Recent news that Walmart is to build a one-million square-foot fulfilment centre to support its rapidly growing supply chain network should come as a surprise to no one.
The fulfilment centre will store millions of items, which will be picked, packed and shipped directly to customers, often next-day. The facility, in Mississippi, will open in Spring 2022 and will create 250 full-time jobs across the region.
It’s safe to say Walmart is having a great pandemic, with its current aggressive supply chain expansion following a strong showing during lockdown.
Covid pandemic sees Walmart expand
Last year Reuters reported that Walmart’s marketplace had grown to an estimated 70,000 sellers in 2020 - growth that was fueled by the explosion in online shopping sparked by the Covid-19 pandemic.
To staff its ever-expanding supply chain Walmart is in the midst of an ongoing recruitment blitz, as it seeks to hire a further 20,000 people.
Among the thousands of extra supply chain roles it has already filled are fork-lift operators, order fillers, shipping loaders, power equipment operators, diesel technicians and drivers.
Walmart’s continued expansion is also being fuelled by significant investment in technology, as it rolls out high-tech automation systems, as well as next-gen grocery distribution centres, which distribute products to stores.
Technology boosts Walmart market share
Lockdown might have presented Walmart with an unexpected opportunity for growth but it has grasped this nettle with both hands. In terms of increased retail market-share over the past two years, it is rivalled only by Amazon.
Walmart is a fascinating company - a prototypical American Dream success story of monumental proportions.
Today, it serves around 220 million customers a year and has 10,500 stores in 24 countries, as well as a huge global e-commerce presence. It also employs 2.2 million associates worldwide. In 2021, its revenue was US$559bn.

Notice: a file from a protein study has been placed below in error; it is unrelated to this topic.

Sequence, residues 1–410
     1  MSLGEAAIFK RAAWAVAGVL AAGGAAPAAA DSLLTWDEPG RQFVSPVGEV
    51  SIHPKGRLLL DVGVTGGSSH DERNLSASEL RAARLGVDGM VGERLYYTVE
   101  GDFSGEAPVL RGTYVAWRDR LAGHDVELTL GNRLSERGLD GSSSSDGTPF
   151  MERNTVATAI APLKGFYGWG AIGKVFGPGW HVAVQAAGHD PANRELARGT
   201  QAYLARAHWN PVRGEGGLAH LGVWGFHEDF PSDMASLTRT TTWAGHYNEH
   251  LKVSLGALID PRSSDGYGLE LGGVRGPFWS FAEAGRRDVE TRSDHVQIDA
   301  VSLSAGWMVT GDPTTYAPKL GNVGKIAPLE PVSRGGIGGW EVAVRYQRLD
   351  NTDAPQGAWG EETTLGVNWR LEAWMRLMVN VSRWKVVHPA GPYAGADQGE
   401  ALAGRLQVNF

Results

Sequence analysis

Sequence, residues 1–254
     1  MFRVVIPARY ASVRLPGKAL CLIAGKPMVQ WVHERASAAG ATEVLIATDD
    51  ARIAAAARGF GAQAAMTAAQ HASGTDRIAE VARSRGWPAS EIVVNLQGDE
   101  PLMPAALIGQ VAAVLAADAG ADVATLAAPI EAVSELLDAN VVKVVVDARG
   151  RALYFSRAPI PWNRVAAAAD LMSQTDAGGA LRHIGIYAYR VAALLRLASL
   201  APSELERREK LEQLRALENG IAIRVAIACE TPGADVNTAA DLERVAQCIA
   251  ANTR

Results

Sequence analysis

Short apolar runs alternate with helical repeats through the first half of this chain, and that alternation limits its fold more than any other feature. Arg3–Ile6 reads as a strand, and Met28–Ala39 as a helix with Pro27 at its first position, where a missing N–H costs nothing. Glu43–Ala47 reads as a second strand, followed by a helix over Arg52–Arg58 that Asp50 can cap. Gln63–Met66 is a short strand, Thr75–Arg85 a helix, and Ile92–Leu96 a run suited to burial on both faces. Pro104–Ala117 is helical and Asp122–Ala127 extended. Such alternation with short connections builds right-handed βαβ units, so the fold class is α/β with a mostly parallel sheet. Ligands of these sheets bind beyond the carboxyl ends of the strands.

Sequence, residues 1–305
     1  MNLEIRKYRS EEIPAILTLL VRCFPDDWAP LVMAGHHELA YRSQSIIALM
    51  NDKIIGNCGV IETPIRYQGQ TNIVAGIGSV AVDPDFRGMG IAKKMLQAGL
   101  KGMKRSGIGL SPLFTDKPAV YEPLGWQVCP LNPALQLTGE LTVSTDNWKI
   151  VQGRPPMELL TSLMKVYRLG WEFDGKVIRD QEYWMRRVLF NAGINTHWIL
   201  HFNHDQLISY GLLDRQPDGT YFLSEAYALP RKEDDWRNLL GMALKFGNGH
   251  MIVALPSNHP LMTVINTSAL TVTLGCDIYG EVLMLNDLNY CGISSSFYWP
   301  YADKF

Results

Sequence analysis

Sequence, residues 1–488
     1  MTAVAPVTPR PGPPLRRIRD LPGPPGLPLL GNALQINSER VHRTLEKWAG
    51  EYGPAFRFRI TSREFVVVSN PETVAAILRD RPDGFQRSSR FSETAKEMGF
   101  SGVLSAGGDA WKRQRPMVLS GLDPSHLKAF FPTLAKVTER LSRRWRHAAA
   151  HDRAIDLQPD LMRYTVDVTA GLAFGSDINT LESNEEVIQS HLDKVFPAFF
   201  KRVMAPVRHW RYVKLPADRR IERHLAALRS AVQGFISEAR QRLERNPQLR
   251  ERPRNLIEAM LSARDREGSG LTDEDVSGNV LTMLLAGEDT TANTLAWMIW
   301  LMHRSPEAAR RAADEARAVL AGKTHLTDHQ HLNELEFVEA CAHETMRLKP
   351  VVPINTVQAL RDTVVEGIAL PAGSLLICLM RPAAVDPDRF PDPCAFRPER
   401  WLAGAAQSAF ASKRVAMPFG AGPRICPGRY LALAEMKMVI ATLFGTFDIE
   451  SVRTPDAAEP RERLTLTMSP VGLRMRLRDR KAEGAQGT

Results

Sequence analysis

It’s a far cry from the company’s genesis in 1945, when demobbed soldier Sam Walton used a $20,000 loan from his father-in-law to buy a BenFranklin variety store in Newport, Arkansas. The store was a franchise of the Butler Brothers chain.
The Walmart way built on discounts
From the very beginning, Walton’s watchword was ‘discounts’. “You can lower your mark-up but earn more because of increased volume," he explained.
Walton also believed discount stores could thrive in small towns, with populations of 5,000 or fewer. The Butler Brothers management didn’t agree with him, and so Walton struck out on his own, opening his first Walmart store, in Rogers, Arkansas, in 1962.
Within six years Walmart had expanded beyond Arkansas, opening stores in Missouri and Oklahoma, and in 1969 it became a public company. Just two years later, Walmart stock was being traded on the New York Stock Exchange.
That marked the start of the company’s strategy to buy smaller chains. It began in 1974, with the acquisition of 16 Mohr Value Stores, in Michigan and Illinois. Then it bought the Hutcheson Shoe Company, before expanding into pharmacies, auto and jewellery.
By 1980 Walmart hit revenues of $1bn for the first time, and holds the record for hitting that landmark in the fastest ever time.
Walmart’s continued expansion since this time has been based on a rinse-and-repeat approach of discounted goods and strategic buyouts.
And now the pandemic has presented it with the chance to take its growth into the stratosphere.